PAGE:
“He Did Not Kiss the Earth Between His Hands”: Arabic Sources on the Arrivals of the Zheng He Fleet in Aden and Mecca (1419–1432)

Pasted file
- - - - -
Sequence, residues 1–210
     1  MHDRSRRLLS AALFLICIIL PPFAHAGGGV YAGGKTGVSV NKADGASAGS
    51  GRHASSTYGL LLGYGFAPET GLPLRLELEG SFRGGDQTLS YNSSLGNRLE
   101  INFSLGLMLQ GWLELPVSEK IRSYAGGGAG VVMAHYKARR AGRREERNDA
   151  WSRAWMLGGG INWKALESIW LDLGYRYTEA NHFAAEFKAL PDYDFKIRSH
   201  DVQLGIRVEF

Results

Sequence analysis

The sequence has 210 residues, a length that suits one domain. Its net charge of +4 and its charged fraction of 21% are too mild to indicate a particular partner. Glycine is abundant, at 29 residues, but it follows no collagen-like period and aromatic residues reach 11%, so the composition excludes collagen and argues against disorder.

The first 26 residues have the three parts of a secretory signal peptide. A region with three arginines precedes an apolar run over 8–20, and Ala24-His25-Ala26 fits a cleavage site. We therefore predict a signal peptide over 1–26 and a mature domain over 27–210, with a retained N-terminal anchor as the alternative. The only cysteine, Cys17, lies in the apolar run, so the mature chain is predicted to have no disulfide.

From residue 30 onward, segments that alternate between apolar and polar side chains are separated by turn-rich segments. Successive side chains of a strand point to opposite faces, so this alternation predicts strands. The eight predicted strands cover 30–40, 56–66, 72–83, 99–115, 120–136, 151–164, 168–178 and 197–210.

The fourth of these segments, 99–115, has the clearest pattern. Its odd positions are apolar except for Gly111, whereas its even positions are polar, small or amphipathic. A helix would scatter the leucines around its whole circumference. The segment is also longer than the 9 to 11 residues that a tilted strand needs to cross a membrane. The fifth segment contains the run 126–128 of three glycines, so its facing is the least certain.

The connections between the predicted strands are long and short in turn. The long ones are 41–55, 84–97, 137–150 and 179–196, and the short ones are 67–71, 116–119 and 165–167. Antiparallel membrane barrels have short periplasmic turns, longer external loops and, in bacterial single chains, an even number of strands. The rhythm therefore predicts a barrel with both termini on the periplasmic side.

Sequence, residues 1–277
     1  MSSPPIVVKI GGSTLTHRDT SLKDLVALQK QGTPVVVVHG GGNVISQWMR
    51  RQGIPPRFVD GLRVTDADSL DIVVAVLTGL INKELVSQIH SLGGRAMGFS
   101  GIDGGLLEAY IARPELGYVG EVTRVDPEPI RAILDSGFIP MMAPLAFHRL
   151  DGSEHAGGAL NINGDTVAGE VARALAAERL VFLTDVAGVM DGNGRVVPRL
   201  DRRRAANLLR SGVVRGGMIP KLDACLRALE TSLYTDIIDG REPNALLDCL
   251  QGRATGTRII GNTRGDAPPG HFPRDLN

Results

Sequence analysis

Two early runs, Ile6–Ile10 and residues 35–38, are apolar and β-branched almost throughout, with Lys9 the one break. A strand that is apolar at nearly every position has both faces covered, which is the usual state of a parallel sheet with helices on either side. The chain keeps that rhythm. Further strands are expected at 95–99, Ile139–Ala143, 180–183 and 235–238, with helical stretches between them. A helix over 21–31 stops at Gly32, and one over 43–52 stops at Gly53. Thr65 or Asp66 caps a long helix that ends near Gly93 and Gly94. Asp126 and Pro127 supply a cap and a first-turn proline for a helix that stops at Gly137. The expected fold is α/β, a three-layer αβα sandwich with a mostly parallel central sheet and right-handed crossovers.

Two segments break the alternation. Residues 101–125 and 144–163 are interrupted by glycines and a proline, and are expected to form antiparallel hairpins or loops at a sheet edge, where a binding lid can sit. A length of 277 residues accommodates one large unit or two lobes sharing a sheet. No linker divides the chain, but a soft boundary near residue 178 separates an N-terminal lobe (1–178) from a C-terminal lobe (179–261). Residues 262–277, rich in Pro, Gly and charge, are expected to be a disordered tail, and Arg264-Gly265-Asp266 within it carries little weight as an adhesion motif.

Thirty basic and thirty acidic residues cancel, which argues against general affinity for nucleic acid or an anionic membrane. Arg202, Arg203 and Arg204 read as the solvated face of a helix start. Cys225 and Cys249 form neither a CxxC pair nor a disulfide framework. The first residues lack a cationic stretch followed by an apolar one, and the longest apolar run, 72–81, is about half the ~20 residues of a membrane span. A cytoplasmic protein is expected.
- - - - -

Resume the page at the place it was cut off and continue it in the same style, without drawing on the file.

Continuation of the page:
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Barely any period in Chinese history stands as an example of the turning of the country towards the maritime world as does the beginning of the fifteenth century, when the famous treasure fleets under the command of the Eunuch Admiral Zheng He (1371–c. 1433) sailed “down the western seas”. This was not for the discovery of new sailing routes or the establishment of colonies that would become so crucial for the European nations only decades later, but rather the strengthening of China’s political and economic relations along the shores of the Indian Ocean according to the patterns of her time-tested tributary system. While the first three voyages were still mainly confined to the South China Sea and the eastern parts of the Indian Ocean, the latter four reached further west to the Persian Gulf, the Red Sea and the Swahili Coast. An analysis of the circumstances, political encounters, commodity exchanges and dating of the general course of events during those voyages in Arabian waters are the main objective of this paper. New insights and evidence are offered through the integration of so far largely overlooked Arabic sources.